When we think about great Canadians, often we neglect to recognize the incredible accomplishments and contributions of Indigenous Canadians in our nation’s history. One such man whose legacy has been immortalized by his craft, is Gordon Tootoosis. He is a well-known film and television actor, who has brought characters of Aboriginal people to the homes of millions worldwide. His noteworthy accomplishments include Bury My Heart at Wounded Knee, North of 60, and more recently Blackstone. Often the characters he portrayed, and how he gave them life on screen was different from the “Hollywood Indians” in films prior. He made the depiction of the Indian to be humanized, relatable, and with much less stereotyping and tokenizing. In essence, he developed the representation of First Nations people in mainstream media. This is a kind of activism that is creative and profoundly effective, as relationships between Indigenous peoples and settler communities had been strained from miscommunication and colonial misrepresentation.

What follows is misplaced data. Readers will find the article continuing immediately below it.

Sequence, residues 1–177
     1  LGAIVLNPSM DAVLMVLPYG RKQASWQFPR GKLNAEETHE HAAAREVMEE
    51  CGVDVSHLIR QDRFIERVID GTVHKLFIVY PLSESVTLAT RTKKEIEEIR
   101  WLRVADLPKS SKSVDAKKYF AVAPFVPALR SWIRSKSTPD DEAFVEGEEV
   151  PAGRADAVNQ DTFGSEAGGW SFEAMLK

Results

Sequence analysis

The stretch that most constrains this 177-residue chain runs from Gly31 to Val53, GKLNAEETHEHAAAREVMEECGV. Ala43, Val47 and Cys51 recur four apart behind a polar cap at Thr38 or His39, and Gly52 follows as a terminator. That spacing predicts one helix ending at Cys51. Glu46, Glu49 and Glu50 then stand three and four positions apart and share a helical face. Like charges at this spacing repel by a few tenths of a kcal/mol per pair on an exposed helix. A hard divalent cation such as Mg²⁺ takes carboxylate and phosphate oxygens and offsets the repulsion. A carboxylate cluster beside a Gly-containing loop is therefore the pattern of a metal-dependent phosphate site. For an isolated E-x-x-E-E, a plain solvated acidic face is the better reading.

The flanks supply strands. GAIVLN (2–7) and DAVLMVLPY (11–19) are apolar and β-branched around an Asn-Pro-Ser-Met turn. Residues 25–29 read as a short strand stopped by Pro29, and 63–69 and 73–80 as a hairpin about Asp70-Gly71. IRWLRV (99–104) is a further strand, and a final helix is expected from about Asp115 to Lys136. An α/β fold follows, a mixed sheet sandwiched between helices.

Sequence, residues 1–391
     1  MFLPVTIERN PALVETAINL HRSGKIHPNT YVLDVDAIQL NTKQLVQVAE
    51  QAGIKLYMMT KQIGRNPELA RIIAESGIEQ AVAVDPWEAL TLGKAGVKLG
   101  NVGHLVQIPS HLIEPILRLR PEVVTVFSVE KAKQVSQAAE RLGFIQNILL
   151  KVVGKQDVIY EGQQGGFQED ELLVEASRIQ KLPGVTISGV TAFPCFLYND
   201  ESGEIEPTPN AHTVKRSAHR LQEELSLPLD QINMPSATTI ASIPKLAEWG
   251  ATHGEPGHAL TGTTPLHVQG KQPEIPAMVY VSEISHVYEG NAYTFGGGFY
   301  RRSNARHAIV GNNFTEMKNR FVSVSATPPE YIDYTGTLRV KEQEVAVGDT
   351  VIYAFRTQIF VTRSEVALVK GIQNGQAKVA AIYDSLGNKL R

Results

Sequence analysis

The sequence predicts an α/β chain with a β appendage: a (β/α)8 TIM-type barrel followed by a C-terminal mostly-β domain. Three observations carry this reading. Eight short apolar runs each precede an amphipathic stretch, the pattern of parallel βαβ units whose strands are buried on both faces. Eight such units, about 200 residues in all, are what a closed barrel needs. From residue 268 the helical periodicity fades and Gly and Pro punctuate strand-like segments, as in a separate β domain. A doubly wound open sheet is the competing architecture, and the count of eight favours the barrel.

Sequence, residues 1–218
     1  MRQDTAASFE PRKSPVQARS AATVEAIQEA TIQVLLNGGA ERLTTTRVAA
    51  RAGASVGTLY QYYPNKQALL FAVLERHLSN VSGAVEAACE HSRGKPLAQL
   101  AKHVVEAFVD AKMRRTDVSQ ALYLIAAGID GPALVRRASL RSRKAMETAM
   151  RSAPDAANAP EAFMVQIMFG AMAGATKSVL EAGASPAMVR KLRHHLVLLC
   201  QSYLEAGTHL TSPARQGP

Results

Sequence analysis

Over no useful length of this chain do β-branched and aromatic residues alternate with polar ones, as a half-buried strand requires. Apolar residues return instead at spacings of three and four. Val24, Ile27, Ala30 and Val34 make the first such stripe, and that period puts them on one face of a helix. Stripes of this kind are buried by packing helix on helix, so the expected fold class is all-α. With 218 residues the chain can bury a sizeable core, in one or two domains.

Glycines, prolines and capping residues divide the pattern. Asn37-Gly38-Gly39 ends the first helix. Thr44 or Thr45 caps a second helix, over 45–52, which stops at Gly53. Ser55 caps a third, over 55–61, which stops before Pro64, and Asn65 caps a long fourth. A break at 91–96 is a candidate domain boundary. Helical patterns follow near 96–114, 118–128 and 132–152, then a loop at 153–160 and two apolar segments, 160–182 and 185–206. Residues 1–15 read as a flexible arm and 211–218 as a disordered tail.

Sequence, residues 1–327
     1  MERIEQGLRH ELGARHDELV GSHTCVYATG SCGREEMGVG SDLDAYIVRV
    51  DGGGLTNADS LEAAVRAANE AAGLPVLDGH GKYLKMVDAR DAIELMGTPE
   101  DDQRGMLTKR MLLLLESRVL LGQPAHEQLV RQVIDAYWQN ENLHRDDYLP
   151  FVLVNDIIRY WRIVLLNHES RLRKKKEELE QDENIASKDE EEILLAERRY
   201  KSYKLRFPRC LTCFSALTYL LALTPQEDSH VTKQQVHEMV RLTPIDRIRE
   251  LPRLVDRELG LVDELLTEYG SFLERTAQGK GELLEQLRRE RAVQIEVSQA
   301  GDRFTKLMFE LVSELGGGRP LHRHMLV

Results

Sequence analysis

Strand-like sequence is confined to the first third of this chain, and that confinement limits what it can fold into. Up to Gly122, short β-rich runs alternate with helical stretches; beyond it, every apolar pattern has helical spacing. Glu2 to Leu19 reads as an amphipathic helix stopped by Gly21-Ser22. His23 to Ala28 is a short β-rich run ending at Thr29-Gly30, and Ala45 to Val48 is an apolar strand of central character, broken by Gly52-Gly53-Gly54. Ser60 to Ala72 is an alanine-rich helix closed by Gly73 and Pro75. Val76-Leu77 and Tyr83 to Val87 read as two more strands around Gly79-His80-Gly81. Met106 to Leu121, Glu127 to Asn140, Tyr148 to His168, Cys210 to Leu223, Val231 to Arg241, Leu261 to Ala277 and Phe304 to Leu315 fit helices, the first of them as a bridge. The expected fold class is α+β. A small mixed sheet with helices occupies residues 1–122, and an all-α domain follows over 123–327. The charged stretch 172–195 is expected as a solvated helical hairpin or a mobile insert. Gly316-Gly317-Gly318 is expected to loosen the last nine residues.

Tootoosis is a Cree man from Saskatchewan, born on the Poundmaker reserve in 1941. He and his other siblings attended a residential school that prohibited them all from speaking their Cree tongue and practicing their cultural traditions. His experiences in the schools inspired him to become a Social Worker, specializing his work with children and young offenders. He was successful in reclaiming the traditional dance of his culture and was an active in the powwow circuit. Because of his work, he was awarded the Order of Canada in 2004. He was a strong activist and voice for his people, and will be remembered forever. Gordon Tootoosis passed away July 5, 2011 in Saskatoon, Saskatchewan.